Second, stop hoping for a fairy tale. That’s where you wish somebody would come along and rescue you out of your loneliness. Sorry, that’s not realistic! In the clinical world, we call that a “passive rescue wish.” A “passive rescue wish” means I want to sit back and hope somebody calls, texts, or comes and knocks on the door. It’s when you expect someone to save you (instead of saving yourself.) If you are waiting for someone else to help, you’re not taking charge of your own loneliness and happiness. I strongly encourage you to reach out when you are feeling lonely to a good friend or close family member so you can start to recognize how being proactive can help combat isolation. There is nothing wrong with asking for a little help!

The third thing that won’t work relates to dropping our standards in order to stop the feeling of loneliness. Basically, we allow anyone and everyone to have some of our time and energy because we long for human connection. If those people are positive influences, that’s great, but what if they are toxic people, highly dysfunctional people, or narcissists? Sometimes we have to consider the quality of the company; be mindful of what is getting your energy/attention.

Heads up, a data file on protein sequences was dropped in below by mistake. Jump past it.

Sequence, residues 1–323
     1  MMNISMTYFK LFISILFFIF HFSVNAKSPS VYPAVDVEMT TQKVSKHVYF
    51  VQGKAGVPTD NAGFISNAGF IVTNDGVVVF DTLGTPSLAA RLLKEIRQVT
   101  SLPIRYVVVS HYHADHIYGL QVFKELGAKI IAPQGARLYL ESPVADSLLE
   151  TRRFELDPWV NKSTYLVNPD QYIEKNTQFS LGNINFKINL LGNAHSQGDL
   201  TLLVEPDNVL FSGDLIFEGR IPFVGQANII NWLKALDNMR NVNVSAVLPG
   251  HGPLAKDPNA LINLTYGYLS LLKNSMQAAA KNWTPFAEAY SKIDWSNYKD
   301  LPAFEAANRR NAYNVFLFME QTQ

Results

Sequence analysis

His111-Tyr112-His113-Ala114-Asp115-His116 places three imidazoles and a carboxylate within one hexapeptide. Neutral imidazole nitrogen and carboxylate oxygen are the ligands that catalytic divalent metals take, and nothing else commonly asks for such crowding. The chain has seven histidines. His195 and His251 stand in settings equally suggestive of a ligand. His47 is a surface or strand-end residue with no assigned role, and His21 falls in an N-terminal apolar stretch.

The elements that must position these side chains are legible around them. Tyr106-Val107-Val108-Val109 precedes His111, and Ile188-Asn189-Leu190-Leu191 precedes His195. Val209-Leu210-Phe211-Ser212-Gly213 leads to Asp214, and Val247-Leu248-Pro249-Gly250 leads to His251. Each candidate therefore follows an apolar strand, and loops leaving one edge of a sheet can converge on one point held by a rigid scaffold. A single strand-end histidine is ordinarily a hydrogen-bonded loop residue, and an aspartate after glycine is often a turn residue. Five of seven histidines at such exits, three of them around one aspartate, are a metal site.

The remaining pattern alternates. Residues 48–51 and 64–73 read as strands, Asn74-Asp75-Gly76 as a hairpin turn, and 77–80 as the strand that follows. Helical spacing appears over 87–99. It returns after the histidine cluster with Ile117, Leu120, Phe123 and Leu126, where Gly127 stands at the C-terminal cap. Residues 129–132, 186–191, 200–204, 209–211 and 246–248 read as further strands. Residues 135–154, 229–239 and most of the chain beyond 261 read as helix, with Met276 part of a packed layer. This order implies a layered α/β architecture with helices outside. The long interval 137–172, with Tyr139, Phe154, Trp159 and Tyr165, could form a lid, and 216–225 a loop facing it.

You CAN do better than that.

Follow These 4 Steps to Work Through Loneliness

Now that we’ve covered a few things you shouldn’t do to when dealing with loneliness, here’s what you can do if you are experiencing this difficult emotion.

  1. Recognize that loneliness is normal. Be aware that feeling lonely is very normal. Everyone at some point in their life will feel disconnected from others. Don’t beat yourself up for that. Instead, recognize your loneliness and then take a step forward to change it.
  2. Focus on the safe people in your life. If you don’t have anybody, you have to make the effort. For example, if you’ve just moved to a new town, find a really healthy church and reach out and say, “Can we have dinner?” When you have that dinner, you must be vulnerable. You must say, “I’m just not having dinner to talk about, you know, sports and vacation and stuff. I’ve kinda had a lonely time.” A safe person will go, “I had no idea. I had no idea you felt like that. Tell me more about it.” When you’re vulnerable, then their warmth and care gets inside and starts to finish that up.